There are a number of initiatives companies can participate in which are designated to add more transparency and/or accountability to corporate value chains.
The Public-Private Alliance for Responsible Mineral Trade (PPA) launched in October 2011. This is a joint project between the U.S. Department of State, USAID, corporations, industry associations and civil society. Stakeholders pool financial and non-financial resources to assist in establishing conflict free mineral resources from the DRC. The PPA encourages interested organizations to join the current list of participants and to inquire about membership.
The Extractives Working Group has set up protocols and a system for auditing smelters (by a Third Party Auditor) who process Tin, Tantalum, Tungsten and Gold. The names of “compliant” smelters who are determined to be “conflict-free” appear on this public website.
In April 2012, Intel in collaboration with HP and the GE Foundation established the CFS Early-Adopters Fund. This fund is designed to promote early participation of smelters and refineries in the Conflict-Free Smelter Program and seeks to specifically support smelters who are compliant with program protocols established by the Electronic Industry Citizenship Coalition (EICC) and the Global e-Sustainability Initiative (GeSI). For each eligible smelter company, the fund will offset a portion of the costs associated with conducting a first-year audit.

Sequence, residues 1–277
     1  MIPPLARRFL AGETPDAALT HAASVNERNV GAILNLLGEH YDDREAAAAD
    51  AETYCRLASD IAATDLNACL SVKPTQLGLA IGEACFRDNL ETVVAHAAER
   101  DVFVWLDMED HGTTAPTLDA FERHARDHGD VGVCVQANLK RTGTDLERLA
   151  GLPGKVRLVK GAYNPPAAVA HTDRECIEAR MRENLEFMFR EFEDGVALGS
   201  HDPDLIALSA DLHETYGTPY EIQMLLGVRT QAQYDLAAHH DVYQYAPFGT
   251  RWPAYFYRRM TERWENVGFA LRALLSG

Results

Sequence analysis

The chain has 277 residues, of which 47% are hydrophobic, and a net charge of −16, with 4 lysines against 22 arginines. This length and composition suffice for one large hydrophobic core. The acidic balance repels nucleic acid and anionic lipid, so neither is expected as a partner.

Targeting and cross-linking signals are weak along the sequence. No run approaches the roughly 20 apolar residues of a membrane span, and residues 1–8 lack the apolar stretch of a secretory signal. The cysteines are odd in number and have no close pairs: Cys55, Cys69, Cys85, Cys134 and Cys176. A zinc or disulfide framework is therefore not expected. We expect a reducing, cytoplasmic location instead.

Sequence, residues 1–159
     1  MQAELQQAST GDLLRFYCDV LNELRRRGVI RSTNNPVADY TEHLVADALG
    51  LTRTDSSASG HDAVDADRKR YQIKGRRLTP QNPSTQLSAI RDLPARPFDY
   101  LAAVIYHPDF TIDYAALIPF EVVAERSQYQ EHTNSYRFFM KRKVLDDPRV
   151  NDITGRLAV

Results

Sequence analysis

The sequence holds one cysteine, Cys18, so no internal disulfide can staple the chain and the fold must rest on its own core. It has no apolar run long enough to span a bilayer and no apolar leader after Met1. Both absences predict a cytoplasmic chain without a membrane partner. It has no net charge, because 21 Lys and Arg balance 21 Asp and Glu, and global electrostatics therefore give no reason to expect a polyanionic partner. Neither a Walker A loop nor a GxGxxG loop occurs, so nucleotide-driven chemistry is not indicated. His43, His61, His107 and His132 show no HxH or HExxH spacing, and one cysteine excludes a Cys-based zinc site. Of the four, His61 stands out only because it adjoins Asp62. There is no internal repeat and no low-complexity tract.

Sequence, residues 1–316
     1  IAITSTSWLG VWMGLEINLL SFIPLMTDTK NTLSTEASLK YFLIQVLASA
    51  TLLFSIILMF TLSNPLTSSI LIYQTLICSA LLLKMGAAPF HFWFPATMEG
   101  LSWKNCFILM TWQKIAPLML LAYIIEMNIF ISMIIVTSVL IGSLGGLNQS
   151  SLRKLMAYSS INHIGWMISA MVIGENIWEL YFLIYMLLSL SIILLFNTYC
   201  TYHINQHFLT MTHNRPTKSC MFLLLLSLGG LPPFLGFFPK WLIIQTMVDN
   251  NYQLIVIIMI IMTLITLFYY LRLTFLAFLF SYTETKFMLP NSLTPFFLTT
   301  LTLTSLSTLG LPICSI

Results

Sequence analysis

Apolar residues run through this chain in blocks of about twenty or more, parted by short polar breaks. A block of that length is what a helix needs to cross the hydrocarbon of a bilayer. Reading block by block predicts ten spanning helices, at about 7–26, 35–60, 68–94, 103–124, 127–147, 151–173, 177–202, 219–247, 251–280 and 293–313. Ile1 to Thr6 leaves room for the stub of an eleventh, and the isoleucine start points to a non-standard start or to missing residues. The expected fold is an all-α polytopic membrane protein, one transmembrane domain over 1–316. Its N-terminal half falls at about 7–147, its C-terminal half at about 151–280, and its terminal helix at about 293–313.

BSR is a membership-based non-profit organization that provides assistance to companies, NGOs and investors in responding to concerns regarding conflict minerals. BSR offers services such as assessment of company activities, supply chain strategy and policy development, supplier engagement plans, tools and due diligence execution, and stakeholder engagement strategies. BSR has a global network of over 300 member companies and has offices in Asia, Europe, and North and South America.